So, someone explain to me, why don’t you just take out loans?

  2. @jack m
    because most international grad students–a large portion of the grad sch population–cannot get loans, period.

  3. Why not just take out loans? Most grad TAs already do. The stipends they live on aren’t enough to cover anything but the most basic expenses, and sometimes not even then. Waivers for tuition are part of the package; losing the waivers means that, combined with the low stipends, even loans don’t provide enough to live on.

    And that’s only part of the story. Sure, grad students can and do live cheap. But in terms of equity, if TAs are teaching 3 or 4 sections a year and doing their coursework/research, they’re doing as much labor as full-time faculty–maybe more. So nixing their waivers means they’re getting paid only a tiny fraction for the same work.

  4. Under the new contract terms, stipends would increase, and tuition waivers would only be cut for TA’s who work under 33% of the time (less than 13 hours a week). Currently that threshold is set at 10 hours per week. It seems like a fair enough move to me.

    The members of GEO need to remember that they are students first and most of their assistantships are opportunities provided by the University in order to help them.

    In addition, I question the timing of the strike. Why now? Why after seven months of negotiations? Why after the bargaining period has expired? By waiting until now, they are putting their colleges in a tough position. Because it’s past the bargaining period, any workers who strike cannot be paid. It also forces TA’s to make the decision of doing their job and teaching their students, or going on strike with their peers. It’s unfair to the TA’s who do not want to go on strike and to the students who’s classes are canceled because of it. Also, why are they striking two days after the University submitted their last offer and the day before the GEO is set to vote on the offer? Striking today will not change the terms of the offer. If anything, wait until the GEO votes on the latest offer before you strike.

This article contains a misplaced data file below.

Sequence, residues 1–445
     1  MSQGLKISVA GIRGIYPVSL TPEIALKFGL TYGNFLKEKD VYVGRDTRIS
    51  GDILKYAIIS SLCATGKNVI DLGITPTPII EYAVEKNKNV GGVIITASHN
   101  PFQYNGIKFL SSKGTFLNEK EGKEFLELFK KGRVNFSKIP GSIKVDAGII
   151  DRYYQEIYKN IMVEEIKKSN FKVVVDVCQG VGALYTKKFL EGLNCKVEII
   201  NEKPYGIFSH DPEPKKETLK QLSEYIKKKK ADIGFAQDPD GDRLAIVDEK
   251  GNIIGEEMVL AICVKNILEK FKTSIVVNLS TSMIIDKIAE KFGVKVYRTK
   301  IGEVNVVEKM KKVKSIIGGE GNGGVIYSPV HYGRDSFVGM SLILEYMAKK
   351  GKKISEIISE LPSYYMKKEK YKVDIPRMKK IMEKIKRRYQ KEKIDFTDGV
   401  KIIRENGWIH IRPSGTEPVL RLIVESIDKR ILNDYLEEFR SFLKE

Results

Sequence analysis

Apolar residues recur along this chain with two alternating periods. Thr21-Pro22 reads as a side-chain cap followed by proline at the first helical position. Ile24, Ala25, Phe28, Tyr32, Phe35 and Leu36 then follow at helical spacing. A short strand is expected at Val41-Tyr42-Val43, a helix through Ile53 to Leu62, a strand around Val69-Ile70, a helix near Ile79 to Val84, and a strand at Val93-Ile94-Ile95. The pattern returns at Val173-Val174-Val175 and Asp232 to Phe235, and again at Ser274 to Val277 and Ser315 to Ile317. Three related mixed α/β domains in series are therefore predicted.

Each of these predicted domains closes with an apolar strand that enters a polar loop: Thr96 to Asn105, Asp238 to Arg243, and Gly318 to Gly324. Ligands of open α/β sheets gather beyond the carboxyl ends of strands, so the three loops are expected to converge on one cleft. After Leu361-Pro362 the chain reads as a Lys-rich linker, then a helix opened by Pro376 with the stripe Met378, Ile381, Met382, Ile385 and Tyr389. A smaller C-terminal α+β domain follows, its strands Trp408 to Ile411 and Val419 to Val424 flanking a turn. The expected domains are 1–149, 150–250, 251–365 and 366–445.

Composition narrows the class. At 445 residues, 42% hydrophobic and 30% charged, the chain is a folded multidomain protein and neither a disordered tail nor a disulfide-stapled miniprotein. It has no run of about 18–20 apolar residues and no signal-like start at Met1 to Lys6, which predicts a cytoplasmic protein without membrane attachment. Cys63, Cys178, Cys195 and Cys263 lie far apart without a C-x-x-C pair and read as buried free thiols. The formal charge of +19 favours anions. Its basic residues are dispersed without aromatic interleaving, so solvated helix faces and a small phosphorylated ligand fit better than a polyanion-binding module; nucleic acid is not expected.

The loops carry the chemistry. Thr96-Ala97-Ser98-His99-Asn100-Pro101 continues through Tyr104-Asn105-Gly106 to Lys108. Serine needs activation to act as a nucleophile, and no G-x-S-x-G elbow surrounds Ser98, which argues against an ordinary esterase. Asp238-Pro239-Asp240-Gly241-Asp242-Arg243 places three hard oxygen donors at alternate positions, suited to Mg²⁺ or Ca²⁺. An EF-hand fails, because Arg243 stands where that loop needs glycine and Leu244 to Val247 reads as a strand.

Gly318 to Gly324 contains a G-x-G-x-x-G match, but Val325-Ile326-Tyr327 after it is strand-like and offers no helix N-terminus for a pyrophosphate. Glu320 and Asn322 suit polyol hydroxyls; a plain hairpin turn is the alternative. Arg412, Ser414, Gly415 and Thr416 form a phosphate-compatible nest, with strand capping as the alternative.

Although I respect the GEO’s right to strike, I don’t agree with the timing of it. By choosing to strike in the fashion they’ve chosen, I feel that they are only losing respect and bargaining power with the University.

  5. Graduate students who teach or work for a college/university should not pay tuition, period. I currently give back my first month of pay to The City University of New York as tuition payments while I teach four classes at two different campuses. My tuition is around $900 a semester. We already are paid a pittance, and then those of us not on fellowships must fork over our pay to cover tuition. Robbery.

  6. A-